PULLMAN, Washington – A sign on Wally Lindblad’s door reads, “What we have done for ourselves alone dies with us; what we have done for others and the world remains and is immortal.”
Waldron O. Lindblad embodies that sentiment.
The 92-year-old military veteran is paying tribute to the nurses with whom he worked alongside in the Korean War through $1 million in gift commitments to the Washington State University College of Nursing.
Lindblad is making donations during his life and ultimately as a bequest.
His most recent gift of $500,000 establishes the Waldron O. and Janet S. Lindblad Professorship in Geriatrics – the first distinguished professorship at the WSU College of Nursing. He has also committed an additional gift of $400,000 through his estate plan.
The professorship will help shape the important field of gerontological nursing research and aims to influence how the college trains nurses across Washington state to care for an aging population. The number of Americans over age 65 is projected to more than double from 2015 to 2060, making geriatrics and gerontology a dynamic and growing field for nursing research and practice.
In 2016, Lindblad made a gift of $100,000 to create the Janet S. Lindblad Excellence Fund in honor of his late wife, who died in 2011. That fund supports graduate students, faculty and programs with a preference for work in the field of geriatrics and gerontology.
“The WSU College of Nursing is privileged to help Mr. Lindblad fulfill his dual wishes of honoring the nursing profession and advancing the field of gerontology,” said Dr. Joyce Griffin-Sobel, dean of the College of Nursing. “Students and faculty are already benefitting from the Janet S. Lindblad Excellence Fund. I’m confident the new Lindblad Professorship in Geriatrics will bring distinction in research and scholarship in the field of aging at Washington State University.”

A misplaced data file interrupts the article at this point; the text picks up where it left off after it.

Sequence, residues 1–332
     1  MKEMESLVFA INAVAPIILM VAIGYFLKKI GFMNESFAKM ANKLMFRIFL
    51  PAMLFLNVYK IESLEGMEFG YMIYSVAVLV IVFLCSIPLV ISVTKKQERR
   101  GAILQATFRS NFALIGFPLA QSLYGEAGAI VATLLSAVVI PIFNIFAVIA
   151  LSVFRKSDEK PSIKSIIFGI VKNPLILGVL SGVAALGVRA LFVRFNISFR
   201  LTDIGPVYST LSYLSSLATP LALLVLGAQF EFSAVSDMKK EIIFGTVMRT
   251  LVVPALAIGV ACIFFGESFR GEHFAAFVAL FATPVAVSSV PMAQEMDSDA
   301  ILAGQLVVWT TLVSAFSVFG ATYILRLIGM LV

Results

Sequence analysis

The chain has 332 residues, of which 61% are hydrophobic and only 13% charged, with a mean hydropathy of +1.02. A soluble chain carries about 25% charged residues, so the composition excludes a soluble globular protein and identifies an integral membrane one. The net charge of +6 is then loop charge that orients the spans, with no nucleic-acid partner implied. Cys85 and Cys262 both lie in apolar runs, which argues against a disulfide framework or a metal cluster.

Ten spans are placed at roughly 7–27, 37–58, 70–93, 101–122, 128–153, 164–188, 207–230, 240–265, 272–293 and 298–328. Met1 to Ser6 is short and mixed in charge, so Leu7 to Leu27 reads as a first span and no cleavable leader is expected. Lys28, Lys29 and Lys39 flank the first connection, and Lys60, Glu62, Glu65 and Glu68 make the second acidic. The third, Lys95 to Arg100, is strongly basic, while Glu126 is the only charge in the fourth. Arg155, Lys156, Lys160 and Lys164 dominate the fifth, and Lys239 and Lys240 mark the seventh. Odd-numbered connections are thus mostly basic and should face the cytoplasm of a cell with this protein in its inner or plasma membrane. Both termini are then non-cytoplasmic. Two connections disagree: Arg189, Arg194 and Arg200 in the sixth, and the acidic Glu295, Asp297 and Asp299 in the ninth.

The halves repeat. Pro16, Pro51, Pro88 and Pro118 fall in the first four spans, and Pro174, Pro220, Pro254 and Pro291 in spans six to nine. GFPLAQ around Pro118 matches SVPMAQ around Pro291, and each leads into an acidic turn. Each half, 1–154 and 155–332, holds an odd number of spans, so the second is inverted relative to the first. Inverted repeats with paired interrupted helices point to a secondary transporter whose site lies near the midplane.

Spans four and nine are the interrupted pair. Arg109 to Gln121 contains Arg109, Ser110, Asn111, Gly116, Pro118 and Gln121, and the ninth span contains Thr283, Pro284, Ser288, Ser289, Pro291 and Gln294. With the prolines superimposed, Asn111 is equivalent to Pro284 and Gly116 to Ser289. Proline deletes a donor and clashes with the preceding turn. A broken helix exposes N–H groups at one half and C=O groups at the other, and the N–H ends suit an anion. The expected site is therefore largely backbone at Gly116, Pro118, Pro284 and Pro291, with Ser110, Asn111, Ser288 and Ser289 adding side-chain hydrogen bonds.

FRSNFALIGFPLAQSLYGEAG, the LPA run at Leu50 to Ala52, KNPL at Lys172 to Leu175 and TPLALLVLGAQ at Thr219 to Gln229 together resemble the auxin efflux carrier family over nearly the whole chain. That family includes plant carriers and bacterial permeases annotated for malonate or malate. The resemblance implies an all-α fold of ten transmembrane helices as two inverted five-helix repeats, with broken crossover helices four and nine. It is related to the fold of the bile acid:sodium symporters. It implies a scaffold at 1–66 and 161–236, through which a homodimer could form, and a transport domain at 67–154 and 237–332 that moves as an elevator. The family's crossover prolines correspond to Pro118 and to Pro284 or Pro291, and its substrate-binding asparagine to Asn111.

Lindblad flew medical evac during Korean War
A veteran of the United States Navy and U.S. Air Force, Lindblad, 92, flew medical evacuations during the Korean War with five nurses on board the aircraft. “I saw how hard they worked,” he noted recently. “They were just 21 or 22 years old, but we never lost a patient. That’s how I fell in love with nursing.”
His interest in geriatrics is prompted by his experiences and those of his wife as they aged, he said.
Lindblad has been in an assisted living facility in Pullman since shortly after his wife died. He moved there after living for many years in Vancouver, Washington, to be closer to a daughter who is a longtime employee in WSU’s Department of Plant Pathology. Lindblad has two other children.
Retired from Air Force, he found success in securities and real estate
He was 17 when he left the family farm in Fahlun Township, Minnesota, with $5 in his pocket. “I enlisted in the Navy to get away from the farm, where I was destined to milk 29 cows for the foreseeable future,” he recalls.
After World War II he attended pilot training and was commissioned in the U.S. Air Force. He flew about 1,000 hours ferrying servicemembers wounded in the Korean conflict out of Tokyo. He said he’s still haunted by some of his experiences from that time.
Lindblad retired as a lieutenant colonel in 1978 and followed up his military career with success in securities and real estate investing. He said his longtime involvement in Masonic organizations has been important in his life.
In describing the motivation behind his generous gifts to the WSU College of Nursing, Lindblad recalled one occasion during the Korean War when he had 28 injured people on board his plane when one of its four engines failed. “We flew 1,700 miles on three engines,” he said. “Every one of those guys lived – again, nursing did it for us.”
–Story by Addy Hatch
To learn more about how to make an investment in WSU College of Nursing, please contact Brooke Ledeboer, Development Director, at (509) 324-7202.